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"Children of Blood and Bone"
Tomi Adeyemi conjures a stunning world of dark magic and danger in her West African-inspired fantasy debut. Learn more
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"Merros had no desire to be dinner. To that end he called for his soldiers to get their asses in gear."
"He was very grateful for the ability to sound like he wasn’t ready to piss himself as he took careful aim and fired."
"Really, it was hard to say which was more exquisite, the torture of shattered hands or a broken heart. Poets and physicians each have their own answers."
For me, Merros was hands down my favorite character. What I quoted above was in his PoV within the first chapter, except for the very last one. It was his voice that kept me glued to this book.
The story is an interesting one set in interesting lands. Merros, an ex-soldier turned mercenary, is hired by a wizard and advisor to the king to go into the Blasted Lands, which are barren ice lands, and create a map of the lands. Other expeditions in the past never faired well, so there’s already a sense of doom. Anyway, in these lands Merros comes across a race of people. These people want to travel to his homeland and start relations. Merros escorts them back.
Now, obviously that’s really, really dumbed down. There’s a few other stories going on, but they kinda all tie into these people coming to Merros’s home. But what makes the story engaging is the fact you’re never sure if you can trust these people. You’re waiting for the other shoe to drop.
Now, these new people are very interesting; solving disputes through violence, honor through fighting abilities, and so on. The story spends a lot of time exploring the differences between Merros and these new people. We get to hop into the minds of a few of these Blasted Land natives as the PoV wanders to a few different characters, and it definitely gives you a perspective from both sides. Still, something always feels off about the exchanges, which again is what keeps the reader glued.
Despite all the cultural exploration, the book moves rather quickly. It had enough fighting and action to keep the pages turning. The cast was diverse and entertaining, fleshed out nicely. I enjoyed them all, but Merros had hooked me from the beginning and I always looked forward to his PoV.
As for the world, it felt very nicely developed to me, and I never felt bogged down by history lessons. Yet Moore wove information into the plot effectively. Traveling through the Blasted Lands was my favorite because it was such a harsh and foreign environment compared to where fantasy is usually based. And Moore did an excellent job of describing the scene without boring me to tears.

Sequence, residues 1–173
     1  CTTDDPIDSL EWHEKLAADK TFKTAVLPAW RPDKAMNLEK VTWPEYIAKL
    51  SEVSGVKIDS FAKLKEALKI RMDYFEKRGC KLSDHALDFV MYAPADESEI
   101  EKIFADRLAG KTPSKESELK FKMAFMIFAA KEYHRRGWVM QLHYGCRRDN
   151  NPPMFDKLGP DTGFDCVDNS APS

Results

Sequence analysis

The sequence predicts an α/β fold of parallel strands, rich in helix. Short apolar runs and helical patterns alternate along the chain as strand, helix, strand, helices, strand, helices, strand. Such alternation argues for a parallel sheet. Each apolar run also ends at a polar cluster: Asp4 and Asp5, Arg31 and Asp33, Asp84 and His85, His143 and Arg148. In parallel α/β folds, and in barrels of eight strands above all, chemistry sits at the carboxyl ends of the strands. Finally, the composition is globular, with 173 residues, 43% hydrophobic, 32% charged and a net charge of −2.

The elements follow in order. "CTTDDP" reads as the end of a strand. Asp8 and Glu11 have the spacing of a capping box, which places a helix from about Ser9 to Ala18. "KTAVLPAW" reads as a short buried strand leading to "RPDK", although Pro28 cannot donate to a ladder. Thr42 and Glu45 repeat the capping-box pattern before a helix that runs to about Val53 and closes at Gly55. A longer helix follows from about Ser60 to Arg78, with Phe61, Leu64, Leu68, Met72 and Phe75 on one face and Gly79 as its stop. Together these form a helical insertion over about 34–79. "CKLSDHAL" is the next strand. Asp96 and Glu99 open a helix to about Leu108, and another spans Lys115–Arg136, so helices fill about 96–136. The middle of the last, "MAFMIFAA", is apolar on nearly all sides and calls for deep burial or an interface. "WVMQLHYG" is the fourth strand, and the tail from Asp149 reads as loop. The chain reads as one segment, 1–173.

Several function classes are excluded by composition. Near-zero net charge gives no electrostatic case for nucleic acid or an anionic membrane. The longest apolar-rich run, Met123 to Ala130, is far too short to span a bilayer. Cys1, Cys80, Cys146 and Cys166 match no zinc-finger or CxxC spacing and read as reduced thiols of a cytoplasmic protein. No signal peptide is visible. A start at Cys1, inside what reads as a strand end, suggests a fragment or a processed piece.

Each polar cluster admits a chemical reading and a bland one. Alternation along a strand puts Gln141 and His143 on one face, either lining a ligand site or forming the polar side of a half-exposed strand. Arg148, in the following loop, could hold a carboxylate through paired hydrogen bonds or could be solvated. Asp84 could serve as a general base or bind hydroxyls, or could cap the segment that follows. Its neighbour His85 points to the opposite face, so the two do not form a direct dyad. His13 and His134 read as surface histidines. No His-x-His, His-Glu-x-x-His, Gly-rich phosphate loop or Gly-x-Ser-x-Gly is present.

Overall, if you’re looking for something that goes a bit off the beaten track in terms of setting, you should pick this up. It was a fast read, and as I said, entertaining.
Mr. Moore does his best to establish a multitude of one dimensional characters that he hints may be either good or evil. I'm assuming his goal is to constantly make me wonder who is the good guy and who is the bad. The problem is that he never actually makes it to that point. He only gave me a superficial view of most of his characters (thus allowing me to wonder what category they fall under) and he then fails in the end to bring it all together. Most books written in this form have a defining moment where lines are drawn and the reader knows who is on which side. This book attempted to do the same thing. But, alas, Mr. Moore kept the reasoning behind the actions of his characters to himself during this moment thus leaving me to wonder if this was truly an act of evil or was there some purpose behind it.
I applaud Mr. Moore for using this tactic to try to keep the book suspenseful. And, Ill probably read the sequels, when I have some free time, just to find out why the people did what they did (which I'm assuming was the purpose of why the book ended the way it did). But, if he had just been a little more specific, I may have felt a little more attached to his characters and been excited to find out what happens to them (as opposed to just wondering how it ends).
The only reason it wasn't a 5 star was the first quarter or so of the book being mostly average at best and that I felt the characters for the most part were flat and had no real personality.
Most recent customer reviews
Not one of the characters makes a decision that has any effect in the whole outcome of the series.
Would not recommend.